To make things even tougher, Montanarelli's four-prosecutor office operates on a shoestring $713,000 annual budget, with limited powers to grant immunity and subpoena witnesses.
"It's a kind of toothless tiger," said Beall. Created in 1976 by the Maryland legislature, whose members stood to be among its most likely targets, it is charged primarily with prosecuting violations of state elections, ethics and bribery laws. But it lacks the power to grant immunity (except in bribery cases) and cannot subpoena records directly. Year after year, the legislature has turned aside proposals to broaden the office's power, refusing in the last session to extend the statute of limitations on campaign finance and ethics laws.
Even so, Montanarelli, now in his third appointed six-year term, has chalked up a number of corruption convictions of public officials, including several legislators, two county sheriffs, a Baltimore comptroller, a high-ranking official in Maryland's tax-collecting agency and assorted county commissioners.
Montanarelli's reputation for political independence extends even to some local Republicans. He is a "dedicated law enforcement professional whose ethics and impartiality are beyond reproach," said McLendon, the Howard County prosecutor, in a recent letter to state legislator Leon G. Billings of Montgomery County, one of 49 Democratic lawmakers who accused McLendon of stalling the Tripp probe before she turned it over to Montanarelli.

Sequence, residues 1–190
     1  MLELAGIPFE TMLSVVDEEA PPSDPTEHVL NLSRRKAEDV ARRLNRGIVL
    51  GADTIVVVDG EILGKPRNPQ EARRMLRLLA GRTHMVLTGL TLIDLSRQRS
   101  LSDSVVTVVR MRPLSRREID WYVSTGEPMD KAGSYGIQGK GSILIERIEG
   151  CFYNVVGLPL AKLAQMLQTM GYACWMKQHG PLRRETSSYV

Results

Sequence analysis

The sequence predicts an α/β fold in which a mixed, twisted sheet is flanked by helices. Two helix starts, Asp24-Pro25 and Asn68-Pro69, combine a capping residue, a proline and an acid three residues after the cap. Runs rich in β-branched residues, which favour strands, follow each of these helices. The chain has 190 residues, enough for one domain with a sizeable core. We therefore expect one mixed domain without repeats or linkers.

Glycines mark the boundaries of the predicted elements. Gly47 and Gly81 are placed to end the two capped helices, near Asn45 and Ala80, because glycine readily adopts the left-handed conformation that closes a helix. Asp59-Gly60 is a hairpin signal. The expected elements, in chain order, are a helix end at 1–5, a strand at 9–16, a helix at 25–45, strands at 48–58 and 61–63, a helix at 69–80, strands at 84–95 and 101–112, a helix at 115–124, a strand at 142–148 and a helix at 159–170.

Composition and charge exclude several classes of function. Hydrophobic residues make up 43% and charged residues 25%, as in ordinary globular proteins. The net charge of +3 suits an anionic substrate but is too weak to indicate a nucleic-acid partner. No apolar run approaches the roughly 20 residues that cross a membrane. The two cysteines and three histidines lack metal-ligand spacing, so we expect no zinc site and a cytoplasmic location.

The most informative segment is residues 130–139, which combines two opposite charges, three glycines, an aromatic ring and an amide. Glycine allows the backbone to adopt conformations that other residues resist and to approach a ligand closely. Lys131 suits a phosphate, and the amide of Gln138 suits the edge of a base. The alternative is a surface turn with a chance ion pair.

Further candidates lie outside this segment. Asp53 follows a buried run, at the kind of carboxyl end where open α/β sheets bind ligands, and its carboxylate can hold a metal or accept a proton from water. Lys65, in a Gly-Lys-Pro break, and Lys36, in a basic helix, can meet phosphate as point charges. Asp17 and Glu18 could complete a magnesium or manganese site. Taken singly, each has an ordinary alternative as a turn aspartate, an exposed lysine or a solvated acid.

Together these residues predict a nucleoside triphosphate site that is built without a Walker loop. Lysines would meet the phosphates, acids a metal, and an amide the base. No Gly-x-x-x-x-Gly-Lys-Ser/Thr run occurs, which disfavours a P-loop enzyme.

For some politicians, the question is not whether Montanarelli is under pressure to prosecute Tripp a given in Maryland's highly partisan climate but whether he has succumbed to it. As Howard County Republican legislator Robert L. Flanagan put it, Montanarelli is analogous to a football receiver who is "about to catch a ball and might flinch because he's about to get hit from the rear. My feeling is Mr. Montanarelli flinched."
Tripp attorneys Anthony J. Zaccagnini and Joe Murtha contend that Montanarelli cannot avoid political pressure. "He's beholden to the Democratic-dominated General Assembly," said Zaccagnini. "If he chooses not to prosecute, then he'll have a majority of the legislature breathing down his neck. If he does choose to prosecute, then he'll only have a minority breathing down his neck. It's that simple."
Politics aside, some legal experts see almost insurmountable obstacles to a Tripp prosecution. "What kind of witnesses can [Montanarelli] get?" said Beall. "Lewinsky could testify she had conversations with Tripp. But that doesn't [prove] the communications were recorded. ... And how do you establish that [Tripp] knew [it was against the law]? The literary agent [Goldberg] said she told her it was legal. That doesn't help Steve Montanarelli very much, either."
Montanarelli "made a thoughtful, reasonable and moral judgment to take the case," said David B. Irwin, a partner in Murtha's law firm, "but there's still no doubt in my mind that it's a political case. It came to him as a political case. It was already political."